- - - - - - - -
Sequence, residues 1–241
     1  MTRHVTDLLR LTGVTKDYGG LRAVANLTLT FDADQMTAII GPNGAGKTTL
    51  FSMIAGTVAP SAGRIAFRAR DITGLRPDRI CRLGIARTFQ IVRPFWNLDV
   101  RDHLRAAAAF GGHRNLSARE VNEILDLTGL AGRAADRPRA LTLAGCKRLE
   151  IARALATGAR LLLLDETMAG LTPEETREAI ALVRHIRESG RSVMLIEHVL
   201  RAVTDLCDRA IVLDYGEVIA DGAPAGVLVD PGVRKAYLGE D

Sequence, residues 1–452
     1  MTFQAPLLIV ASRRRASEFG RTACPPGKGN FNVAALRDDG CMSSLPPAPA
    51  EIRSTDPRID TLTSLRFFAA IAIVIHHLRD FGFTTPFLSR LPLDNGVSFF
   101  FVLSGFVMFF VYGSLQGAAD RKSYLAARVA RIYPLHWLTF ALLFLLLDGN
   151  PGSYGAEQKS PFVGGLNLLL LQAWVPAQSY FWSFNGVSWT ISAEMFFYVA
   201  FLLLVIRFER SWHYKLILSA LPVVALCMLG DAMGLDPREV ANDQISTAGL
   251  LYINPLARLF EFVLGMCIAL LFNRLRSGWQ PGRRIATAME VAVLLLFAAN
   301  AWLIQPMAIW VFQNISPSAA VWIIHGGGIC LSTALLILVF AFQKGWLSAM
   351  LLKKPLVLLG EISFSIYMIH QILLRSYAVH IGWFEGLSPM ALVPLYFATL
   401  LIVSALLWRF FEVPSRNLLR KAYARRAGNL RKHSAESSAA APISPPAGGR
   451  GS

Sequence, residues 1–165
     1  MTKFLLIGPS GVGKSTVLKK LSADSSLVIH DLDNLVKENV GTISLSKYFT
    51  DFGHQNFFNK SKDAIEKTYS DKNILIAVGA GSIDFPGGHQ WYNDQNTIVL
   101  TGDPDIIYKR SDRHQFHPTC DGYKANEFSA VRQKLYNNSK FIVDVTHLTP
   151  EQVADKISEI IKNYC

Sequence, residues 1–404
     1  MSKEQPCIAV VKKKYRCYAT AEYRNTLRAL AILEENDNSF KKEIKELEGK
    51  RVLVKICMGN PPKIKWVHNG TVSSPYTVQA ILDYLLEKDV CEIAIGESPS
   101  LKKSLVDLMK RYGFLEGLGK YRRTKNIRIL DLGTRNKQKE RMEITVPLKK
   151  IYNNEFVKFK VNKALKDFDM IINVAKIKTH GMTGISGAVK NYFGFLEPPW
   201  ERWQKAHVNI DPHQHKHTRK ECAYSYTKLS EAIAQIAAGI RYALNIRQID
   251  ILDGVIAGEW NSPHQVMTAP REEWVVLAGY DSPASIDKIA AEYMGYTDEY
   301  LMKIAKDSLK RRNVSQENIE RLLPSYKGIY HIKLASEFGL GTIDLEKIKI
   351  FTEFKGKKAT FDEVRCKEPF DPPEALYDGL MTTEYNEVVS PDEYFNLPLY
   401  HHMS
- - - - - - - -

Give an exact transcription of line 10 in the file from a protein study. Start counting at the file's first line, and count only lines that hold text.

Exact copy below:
   101  FVLSGFVMFF VYGSLQGAAD RKSYLAARVA RIYPLHWLTF ALLFLLLDGN